Working as an artist or crafter allows you to use your creativity to create works of art and crafts that people want to have. But how they want to buy can sometimes be an issue.
Like many other professions where creativity and skill are needed to do the job, artists and crafters occasionally have to deal with people that don’t always seem to understand how the buying process works. Sometimes it is a friend who just wants the product for free because...well, because you’re friends. Sometimes it is someone who offers to pay you with another product or service. Perhaps the most odd is when someone offers to “buy” your art or crafts in exchange for “publicity.”
“I can’t give you money,” a customer might say, “but I have something better. I have a gazillion followers on FaceTwitLinkPlus and I’ll be sure to recommend you and your art (or crafts) to all of my followers.”
Is it ever ok to give away your art or crafts for free? Should you accept other products or services as payment? Is free publicity a good form of payment? The following are some helpful tips when it comes to accepting payment for your art or crafts.
It is ok to occasionally give your art or crafts away for free.
Is a customer a non-profit organization that you would like to help out? Is it a loyal and reliable customer who has already purchased from you many times? Is it your mom? All of these situations are ones where giving away your product for free might be a good idea. It’s up to you to decide whether, for example, the trauma and hardship of laboring for eight or 22 hours in order to bring you into the world and then feeding, clothing, sheltering, and in all other ways taking care of you (in the case of your mom), is worth the cost of giving one of your products away for free. In the case of your friends, they might want free art or crafts, but if you give away all your products away for free, you won’t be in business too long. Think wisely about who to give your products free to.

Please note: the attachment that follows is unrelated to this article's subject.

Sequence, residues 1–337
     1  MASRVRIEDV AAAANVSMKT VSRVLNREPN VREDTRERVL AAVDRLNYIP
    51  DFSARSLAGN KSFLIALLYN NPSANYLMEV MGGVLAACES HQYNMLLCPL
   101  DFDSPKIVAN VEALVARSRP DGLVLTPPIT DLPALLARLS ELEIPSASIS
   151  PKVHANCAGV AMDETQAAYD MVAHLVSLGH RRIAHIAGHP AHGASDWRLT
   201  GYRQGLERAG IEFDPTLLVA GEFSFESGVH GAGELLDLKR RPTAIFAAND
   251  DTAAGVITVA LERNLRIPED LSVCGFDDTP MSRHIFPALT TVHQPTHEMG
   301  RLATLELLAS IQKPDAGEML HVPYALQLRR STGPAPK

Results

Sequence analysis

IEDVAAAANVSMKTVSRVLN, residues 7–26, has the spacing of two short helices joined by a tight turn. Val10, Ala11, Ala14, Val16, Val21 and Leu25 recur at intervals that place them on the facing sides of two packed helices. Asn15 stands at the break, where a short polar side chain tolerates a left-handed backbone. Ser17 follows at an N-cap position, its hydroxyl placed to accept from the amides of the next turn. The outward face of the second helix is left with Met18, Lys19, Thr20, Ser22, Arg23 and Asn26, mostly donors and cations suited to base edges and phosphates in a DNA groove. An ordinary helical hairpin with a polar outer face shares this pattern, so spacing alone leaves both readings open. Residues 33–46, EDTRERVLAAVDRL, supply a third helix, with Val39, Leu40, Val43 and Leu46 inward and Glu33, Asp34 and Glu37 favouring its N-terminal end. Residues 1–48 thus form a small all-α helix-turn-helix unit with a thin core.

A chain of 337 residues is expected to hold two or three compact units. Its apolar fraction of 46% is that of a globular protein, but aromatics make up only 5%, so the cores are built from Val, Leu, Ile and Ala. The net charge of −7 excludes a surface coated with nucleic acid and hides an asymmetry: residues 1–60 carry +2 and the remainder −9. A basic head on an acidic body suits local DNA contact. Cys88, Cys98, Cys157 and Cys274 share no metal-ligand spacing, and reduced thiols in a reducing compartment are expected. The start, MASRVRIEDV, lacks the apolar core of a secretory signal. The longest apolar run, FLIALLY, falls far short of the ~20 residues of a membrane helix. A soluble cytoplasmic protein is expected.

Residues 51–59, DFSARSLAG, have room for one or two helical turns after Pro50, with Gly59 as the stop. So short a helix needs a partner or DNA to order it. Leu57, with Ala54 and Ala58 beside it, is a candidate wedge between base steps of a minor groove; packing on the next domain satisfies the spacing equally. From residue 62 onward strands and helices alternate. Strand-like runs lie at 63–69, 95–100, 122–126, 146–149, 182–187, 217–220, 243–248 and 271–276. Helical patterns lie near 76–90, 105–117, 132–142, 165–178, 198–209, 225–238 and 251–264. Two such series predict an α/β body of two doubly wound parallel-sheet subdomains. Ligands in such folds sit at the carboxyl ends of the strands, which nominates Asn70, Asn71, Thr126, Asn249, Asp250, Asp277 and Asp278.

Think very hard before you accept other products or services as payment.
If the product or service is something you really need or it would save you money in other ways, it might be worth it. For example, if a customer wants to purchase a painting and offers you free food at their store, daycare for your kids, or other types of useful products or services, you can at least consider it. That doesn’t mean that you should always accept it - it just means it is an option for you to consider. However, if they offer you 40 hula hoops or the book they wrote about the political economy of some nation you’ve never even heard of, it’s probably not a good idea. In those cases, money is the best option every time.
It is rarely (if ever) a good idea to accept “publicity” as payment.
Try this experiment (ok, don’t really, but just imagine what would happen if you did): The next time you go to the dentist or the doctor, tell them that you don’t have the money to pay them, but if they will give you that root canal or perform that surgery for free, you will let all of your many followers on social media know about them. Think that will work? We don’t either. So, why should that work for you? You are a professional, and you deserve to be treated as a professional and that means you deserve to be paid money for your products. Here’s the other problem: You can’t buy groceries, pay the rent or mortgage, send the kids to school, or do very many other things with “publicity.” In some cases, people use publicity compensation simply as a way to get a free product. We’re not saying you should never accept publicity as payment, but you need to be very careful about it, and it should only be done if you are absolutely sure that the benefits outweigh all the costs.
Do you have an experience about compensation for your products you’d like to share? Have other tips for artists and crafters about compensation? Please comment below.